Page 28 - Jewish Book Annual Volume 25

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J
e w i s h
B
o o k
A
n n u a l
8
A
D
ream
I
nterpreter
s
B
ook
Bar Hedya was an interpreter of dreams. He gave a favorable
interpretation to any one who paid him, and an unfavorable
one when he was not remunerated. . . . One day he dropped his
book, and when Rava picked it up he noticed this maxim: “All
dreams follow the mouth [of the interpreter].” (Berakhot 56a)
B
ooks
for
th e
D
eparted
Books are arrayed on tables for souls of the departed; from
these they study as when they were alive. I t is reported that a
group of gentiles passed a cemetery on a Sabbath eve and saw a
Jew seated by a table reading his book. (Sefer Hasidim)
R
a sh i
s
C
omm entary
on
th e
T
orah
I learned from a saintly rabbi who had heard it from his
teacher, that Rashi (Rabbi Solomon ben Isaac, 11th century)
fasted 613 times before he wrote his commentary on the Torah.
His grandson, Rabbi Jacob ben Meir Tam, is said to have re-
marked: “I might have been able to duplicate my grandfather’s
commentary on the Talmud, but it is not within my competence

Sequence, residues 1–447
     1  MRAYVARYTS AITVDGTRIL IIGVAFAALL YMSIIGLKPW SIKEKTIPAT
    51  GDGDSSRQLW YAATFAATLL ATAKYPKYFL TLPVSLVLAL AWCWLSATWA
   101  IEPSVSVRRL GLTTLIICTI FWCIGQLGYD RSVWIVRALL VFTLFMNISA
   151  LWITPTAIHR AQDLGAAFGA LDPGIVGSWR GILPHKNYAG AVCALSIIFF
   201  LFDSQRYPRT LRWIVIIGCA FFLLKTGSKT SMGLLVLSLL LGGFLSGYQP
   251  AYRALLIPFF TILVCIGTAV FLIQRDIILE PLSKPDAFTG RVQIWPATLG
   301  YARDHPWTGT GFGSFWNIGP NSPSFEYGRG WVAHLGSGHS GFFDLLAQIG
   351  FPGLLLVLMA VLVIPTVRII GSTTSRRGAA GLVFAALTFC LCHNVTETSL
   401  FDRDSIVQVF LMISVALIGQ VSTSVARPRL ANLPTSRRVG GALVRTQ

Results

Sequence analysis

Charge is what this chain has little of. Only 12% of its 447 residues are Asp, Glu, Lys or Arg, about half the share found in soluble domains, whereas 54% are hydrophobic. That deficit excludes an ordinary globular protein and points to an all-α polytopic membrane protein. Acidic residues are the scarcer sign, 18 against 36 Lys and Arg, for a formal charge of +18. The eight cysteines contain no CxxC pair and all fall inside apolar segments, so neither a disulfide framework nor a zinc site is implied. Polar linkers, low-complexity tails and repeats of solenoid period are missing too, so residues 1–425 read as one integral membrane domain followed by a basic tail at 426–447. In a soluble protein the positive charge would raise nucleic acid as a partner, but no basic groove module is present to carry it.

to match his Torah commentary.” (Shem Gedolim)
Rabbi Nahman of Bratzlav (18th century) declared that Rashi
had established, as it were, a brother kinship with the Torah.
(Sihot ha־Ran 74b)
T
he
T
osafists
Rabbi Isaac ben Samuel ha־Zaken (12th century), together
with sixty other Tosafists, studied one halakhah daily and in
time each mastered an entire tractate of the Talmud. When
Rabbi Isaac saw, after introducing the Tosafist writings into his
school, that many of them were alternative interpretations, he
was apprehensive that the dialectics might supplant the Torah.
He therefore secreted many of them and intermittently produced
those of impelling urgency. (Melekhet Mahshevet lehe-Rav
Moshe Zerah Eidlets)
T
h e
M
ishneh
T
orah
In an ancient manuscript I chanced on Rabbi David ha-Nagid’s
observation that when Rabbi Moses ben Maimon (Maimonides
-12 th century) composed the Mishneh Torah, he began with the